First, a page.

Food delivery rider Burak Dogan was working a Saturday evening dinner rush when he was hit by a truck.
He was still receiving orders when his body went under the vehicle.
Mr Dogan died in April 2020 and his relatives have not received any money from the gig company's insurer who claimed he was only covered if he was working within a 20-minute window of a delivery.
The families of Mr Dogan and two other riders killed on the job are seeking compensation.
Transport Workers' Union national secretary Michael Kaine said the deaths weighed heavily on their loved ones.
"Their whole lives should have been ahead of them, but tragically were ripped away. The shock of these losses remain raw," he said.
"No sum of money can ease the pain of losing a loved one, but when a worker dies, their family should be compensated."
The TWU will file claims to the Personal Injury Commission on behalf of Mr Dogan on Wednesday, while applications for fellow deliverers Akshay Deepak Doultani and Adil Abbas will be put to Uber and iCare first.
In Australia, 13 delivery riders are known to have died.
But the union warned under-reporting may have obscured the true scale of workplace deaths.
A study by Macquarie University found food delivery riders were 13 times more likely to present to a hospital emergency department between 8pm and midnight than regular cyclists.
The federal government has introduced a raft of reforms aimed at "closing loopholes" that allow businesses to exploit workers.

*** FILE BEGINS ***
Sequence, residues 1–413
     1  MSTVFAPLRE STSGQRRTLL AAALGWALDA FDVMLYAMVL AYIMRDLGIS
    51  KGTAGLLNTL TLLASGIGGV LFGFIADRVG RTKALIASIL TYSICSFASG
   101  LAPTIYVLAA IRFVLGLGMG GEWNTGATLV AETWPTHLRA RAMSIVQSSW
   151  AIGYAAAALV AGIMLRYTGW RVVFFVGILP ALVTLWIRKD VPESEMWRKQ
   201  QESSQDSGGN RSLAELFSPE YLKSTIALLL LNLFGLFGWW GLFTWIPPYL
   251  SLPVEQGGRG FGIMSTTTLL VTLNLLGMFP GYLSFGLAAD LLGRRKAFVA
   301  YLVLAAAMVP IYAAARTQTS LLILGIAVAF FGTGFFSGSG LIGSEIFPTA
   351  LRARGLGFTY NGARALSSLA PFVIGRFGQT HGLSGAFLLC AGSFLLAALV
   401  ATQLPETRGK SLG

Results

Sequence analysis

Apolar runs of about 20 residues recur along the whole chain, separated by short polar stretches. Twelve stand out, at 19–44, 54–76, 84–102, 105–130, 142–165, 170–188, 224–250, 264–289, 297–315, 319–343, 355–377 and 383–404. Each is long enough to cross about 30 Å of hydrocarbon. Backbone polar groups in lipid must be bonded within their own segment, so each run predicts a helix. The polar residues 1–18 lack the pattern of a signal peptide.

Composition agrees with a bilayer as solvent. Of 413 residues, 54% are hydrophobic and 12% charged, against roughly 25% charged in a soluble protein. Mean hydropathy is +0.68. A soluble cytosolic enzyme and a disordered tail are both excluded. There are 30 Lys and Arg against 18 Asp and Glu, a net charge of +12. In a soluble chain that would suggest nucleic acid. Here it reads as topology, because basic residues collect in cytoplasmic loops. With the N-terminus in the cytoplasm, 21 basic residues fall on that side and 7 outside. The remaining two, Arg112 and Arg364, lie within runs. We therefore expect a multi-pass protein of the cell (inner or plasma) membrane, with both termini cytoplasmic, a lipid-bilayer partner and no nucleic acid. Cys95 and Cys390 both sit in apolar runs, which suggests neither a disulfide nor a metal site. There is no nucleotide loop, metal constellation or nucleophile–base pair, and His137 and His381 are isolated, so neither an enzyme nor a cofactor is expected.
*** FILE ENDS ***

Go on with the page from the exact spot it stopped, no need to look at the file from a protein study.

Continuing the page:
Workplace Relations Minister Tony Burke has acknowledged the dangers faced by gig riders.
“The people who work in the gig economy because they're not technically employees have every single one of their rights fall off a cliff," he said on Tuesday during debate on the bill.
The bill will define casual employment, set minimum standards for independent contractors in the gig economy and ensure labour hire workers are not paid less than employees.
Mr Kaine called the reforms lifesaving and urged parliament to urgently pass the legislation to "set fair, safe and sustainable standards for all transport workers".
Three previous compensation cases have been settled on behalf of food delivery riders' families.
In 2022, Lihong Wei received an $830,000 payout after her husband Xiaojun Chen died while delivering for Hungry Panda in inner-city Sydney.
The Personal Injury Commission found Mr Chen was an employee and not a contractor.